- Global and intercultural fluency are critical for Career Readiness. Our diverse, globally expansive workplaces and communities require openness and sensitivity toward people who are different than you. Our workplaces and communities thrive with inclusive interactions and healthy collaboration. Advance your global and intercultural fluency this summer through a Virtual Global Experience.
- Volunteering is a great way to build desirable skills, a professional network, leadership experience, and more. Volunteering also lets you explore your interests in the real world and develop your time management skills. Make time for a volunteer experience this semester. It will advance your career readiness!
- Your major doesn't necessarily limit your career choices. Career development experts promote career readiness as a pathway for identifying and preparing for a career you love. Pursue activities and courses that bring you positive energy and a sense of accomplishment to lead you toward a career you love.
- Prepare for the Illini Career and Internship Fair by checking out The Career Center's site with videos and tips on what to expect and how to navigate the career fair. If you think you're not ready for a career fair, check-in with one of your peers at the Life + Career Design Lab for some inspiration.
- Teamwork/collaboration is a career readiness competence that relies on relationship-building skills. A great place to start is developing relationships with your instructors who can support you in your college career and sometimes even beyond.
- Join a Life + Career Design Community with four to five like-minded peers, a coach to keep the group together, and an LAS alumni advocate for perspective and encouragement. Or, attend an LAS Career Panel this week or prep for the April 2 Illini Career & Internship Fair.
- Try out the Virtual Illini Career Fair or LAS Alumni Career Panel regardless of where you are in your career planning. The time commitment is small, yet the experience could bring a life-changing opportunity.
- Check out the fascinating stories of LAS alumni at the Spring 2021 Alumni Career Panels. This week's focus is science and medicine careers, and you can view previous recordings on not-for-profit careers or careers in law and government. Reach out to one of the alums to learn more and build your professional network.
- Did you know that students can download a variety of software, including Microsoft Office 365 (including PowerPoint, Excel and Word), Adobe Creative Cloud (including Photoshop, InDesign and Adobe Premiere Pro) and more for free through the University of Illinois? Browse the webstore now to download excellent software at no cost to you.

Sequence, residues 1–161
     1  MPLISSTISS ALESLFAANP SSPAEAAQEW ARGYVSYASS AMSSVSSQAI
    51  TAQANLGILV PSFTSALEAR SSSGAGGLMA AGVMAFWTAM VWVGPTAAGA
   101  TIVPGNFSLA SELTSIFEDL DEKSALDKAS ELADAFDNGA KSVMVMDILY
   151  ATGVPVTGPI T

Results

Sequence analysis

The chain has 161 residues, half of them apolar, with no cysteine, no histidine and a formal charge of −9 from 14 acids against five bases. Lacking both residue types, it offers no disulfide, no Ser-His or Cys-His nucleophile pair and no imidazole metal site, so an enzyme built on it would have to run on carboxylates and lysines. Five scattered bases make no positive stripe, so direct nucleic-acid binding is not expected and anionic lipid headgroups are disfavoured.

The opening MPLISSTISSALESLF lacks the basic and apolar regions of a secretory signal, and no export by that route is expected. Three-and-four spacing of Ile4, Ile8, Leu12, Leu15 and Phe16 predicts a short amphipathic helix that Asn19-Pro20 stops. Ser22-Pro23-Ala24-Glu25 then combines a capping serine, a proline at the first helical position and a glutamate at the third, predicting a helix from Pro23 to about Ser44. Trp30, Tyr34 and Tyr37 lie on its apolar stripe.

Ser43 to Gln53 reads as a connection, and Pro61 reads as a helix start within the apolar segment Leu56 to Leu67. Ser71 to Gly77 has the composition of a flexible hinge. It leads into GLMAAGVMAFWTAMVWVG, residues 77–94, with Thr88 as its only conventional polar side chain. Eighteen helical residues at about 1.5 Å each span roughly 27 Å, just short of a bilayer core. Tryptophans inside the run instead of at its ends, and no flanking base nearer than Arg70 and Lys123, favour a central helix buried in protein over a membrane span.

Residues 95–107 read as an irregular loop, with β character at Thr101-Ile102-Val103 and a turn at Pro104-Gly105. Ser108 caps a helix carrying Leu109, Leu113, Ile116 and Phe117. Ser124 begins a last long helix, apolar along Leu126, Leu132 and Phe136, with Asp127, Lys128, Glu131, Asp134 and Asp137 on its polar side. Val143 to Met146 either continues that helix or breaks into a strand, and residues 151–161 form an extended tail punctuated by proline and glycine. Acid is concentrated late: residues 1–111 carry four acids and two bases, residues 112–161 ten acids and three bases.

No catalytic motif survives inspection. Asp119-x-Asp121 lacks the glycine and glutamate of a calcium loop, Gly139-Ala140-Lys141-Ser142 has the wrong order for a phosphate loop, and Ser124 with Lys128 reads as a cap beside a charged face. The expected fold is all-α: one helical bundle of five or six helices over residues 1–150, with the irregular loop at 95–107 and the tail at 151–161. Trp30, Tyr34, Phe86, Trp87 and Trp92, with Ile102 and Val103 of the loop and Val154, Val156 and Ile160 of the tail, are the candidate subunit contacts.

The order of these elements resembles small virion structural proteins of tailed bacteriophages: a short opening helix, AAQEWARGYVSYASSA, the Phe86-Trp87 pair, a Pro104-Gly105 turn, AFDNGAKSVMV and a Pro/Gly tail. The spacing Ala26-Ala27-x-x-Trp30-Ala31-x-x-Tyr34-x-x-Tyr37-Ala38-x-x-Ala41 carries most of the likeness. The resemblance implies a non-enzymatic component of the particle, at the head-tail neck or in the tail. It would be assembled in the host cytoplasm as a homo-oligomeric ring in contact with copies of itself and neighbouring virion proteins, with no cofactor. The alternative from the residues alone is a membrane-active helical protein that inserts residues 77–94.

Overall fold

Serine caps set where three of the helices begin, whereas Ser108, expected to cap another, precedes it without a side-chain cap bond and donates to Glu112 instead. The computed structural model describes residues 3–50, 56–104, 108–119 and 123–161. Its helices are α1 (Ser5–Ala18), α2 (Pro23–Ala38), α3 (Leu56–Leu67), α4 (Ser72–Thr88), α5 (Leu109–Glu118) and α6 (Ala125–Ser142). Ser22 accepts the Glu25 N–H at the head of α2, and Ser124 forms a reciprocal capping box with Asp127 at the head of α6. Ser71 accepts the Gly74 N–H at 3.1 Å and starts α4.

- Struggling to keep track of information for a group project? Does your RSO have events to plan? Are conversations getting lost in emails or texts or group messages? Take a look at Microsoft Teams! Teams is a website that can be a central location for storing documents, having conversations, and tracking tasks. And it's free for everyone at Illinois! Check out the overview materials. Login using your Illinois login.
- Are you feeling overwhelmed? This semester is tough, and it can be easy to get lost in work, but remember to give yourself a break. Check out these apps to help keep your mind and body healthy. SmilingMind is an app that provides meditation programs. Use Plant Nanny to track your water intake. And if you’re having trouble sleeping, try Portal. These wellness apps are worth having in your pocket.
- Need help organizing your academic life and assignments? Due Date Catalog is a new beta calendar application. The app shows due dates from Compass and Moodle in one place. Due Date Catalog is still in beta testing stages and students are encouraged to submit questions or suggestions in the app.
- Internet access comes with great power and great risks. Review this security training for practical tips to protect yourself and your information.